Apple Launches Apple Pay, Jumps Into Mobile Wallet Arena

apple-pay-200-200Apple today announced Apple Pay, a new category of service that will transform mobile payments with an easy, secure and private way to pay.

Starting in October, with iPhone 6 and iPhone 6 Plus, Apple Pay will be available in the US as a free update to iOS 8. Apple Pay will work in stores with iPhone 6, iPhone 6 Plus and Apple Watch. Apple Pay APIs will be available to developers in iOS 8 so they can enable purchasing physical goods within their apps on iPhone 6 and iPhone 6 Plus.

Apple Pay works with iPhone 6 and iPhone 6 Plus through a groundbreaking NFC antenna design, a dedicated chip called the Secure Element, and the security and convenience of Touch ID.

[RELATED: Industry Experts Abuzz Over Apple Pay]

Apple Pay will also work with the newly announced Apple Watch, extending Apple Pay to over 200 million owners of iPhone 5, iPhone 5c and iPhone 5s worldwide.

According to Apple, hundreds of millions of iPhone users can simply add their credit or debit card on file from their iTunes Store account.

[RELATED: Staples, Whole Foods to Accept Apple Pay]

Apple Pay supports credit and debit cards from the three major payment networks, American Express, MasterCard and Visa, issued by the most popular banks including Bank of America, Capital One Bank, Chase, Citi and Wells Fargo, representing an estimated 83% of credit card purchase volume in the U.S.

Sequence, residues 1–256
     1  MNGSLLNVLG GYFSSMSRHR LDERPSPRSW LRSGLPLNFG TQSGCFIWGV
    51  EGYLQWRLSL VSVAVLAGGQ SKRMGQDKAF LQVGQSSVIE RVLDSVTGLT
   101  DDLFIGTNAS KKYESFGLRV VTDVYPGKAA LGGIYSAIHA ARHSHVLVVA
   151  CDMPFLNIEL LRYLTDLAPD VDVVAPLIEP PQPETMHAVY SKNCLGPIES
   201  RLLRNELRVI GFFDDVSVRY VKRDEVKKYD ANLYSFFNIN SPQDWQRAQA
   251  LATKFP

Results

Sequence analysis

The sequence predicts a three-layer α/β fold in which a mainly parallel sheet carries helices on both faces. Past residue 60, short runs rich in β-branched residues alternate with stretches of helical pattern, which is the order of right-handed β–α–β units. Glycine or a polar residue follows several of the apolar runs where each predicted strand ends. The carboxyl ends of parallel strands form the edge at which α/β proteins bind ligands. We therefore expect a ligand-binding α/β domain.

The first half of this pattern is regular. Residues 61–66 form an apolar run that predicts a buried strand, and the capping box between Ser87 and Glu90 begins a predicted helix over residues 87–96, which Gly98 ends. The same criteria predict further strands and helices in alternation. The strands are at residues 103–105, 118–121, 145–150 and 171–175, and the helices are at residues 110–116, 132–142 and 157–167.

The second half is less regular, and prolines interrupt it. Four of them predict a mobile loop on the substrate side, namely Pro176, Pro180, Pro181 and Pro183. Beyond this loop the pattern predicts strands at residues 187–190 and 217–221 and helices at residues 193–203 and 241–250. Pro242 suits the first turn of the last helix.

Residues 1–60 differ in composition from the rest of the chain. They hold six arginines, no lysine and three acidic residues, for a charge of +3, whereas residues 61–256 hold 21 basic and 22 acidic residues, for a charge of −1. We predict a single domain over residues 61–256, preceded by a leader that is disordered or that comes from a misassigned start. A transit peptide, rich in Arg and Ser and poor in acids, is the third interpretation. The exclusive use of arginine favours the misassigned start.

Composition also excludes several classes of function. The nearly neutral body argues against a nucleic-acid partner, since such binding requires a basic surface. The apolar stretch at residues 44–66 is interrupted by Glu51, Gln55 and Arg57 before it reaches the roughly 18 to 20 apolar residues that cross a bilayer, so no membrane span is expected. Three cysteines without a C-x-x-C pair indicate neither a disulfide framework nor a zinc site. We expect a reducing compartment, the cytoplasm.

In addition to the 258 Apple retail stores in the US, some of the nation’s leading retailers that will support Apple Pay include Bloomingdale’s, Disney Store and Walt Disney World Resort, Duane Reade, Macy’s, McDonald’s, Sephora, Staples, Subway, Walgreens and Whole Foods Market. Apple Watch will also work at the over 220,000 merchant locations across the US that have contactless payment enabled. Apple Pay is also able to make purchases through apps in the App Store.

“Security and privacy is at the core of Apple Pay,” said Eddy Cue, Apple’s senior vice president of Internet Software and Services. “When you’re using Apple Pay in a store, restaurant or other merchant, cashiers will no longer see your name, credit card number or security code, helping to reduce the potential for fraud.”

Cue added that Apple doesn’t collect your purchase history, so it doesn’t know what you bought, where you bought it or how much you paid for it. And if a user’s iPhone is lost or stolen, he or she can use Find My iPhone to quickly suspend payments from that device.

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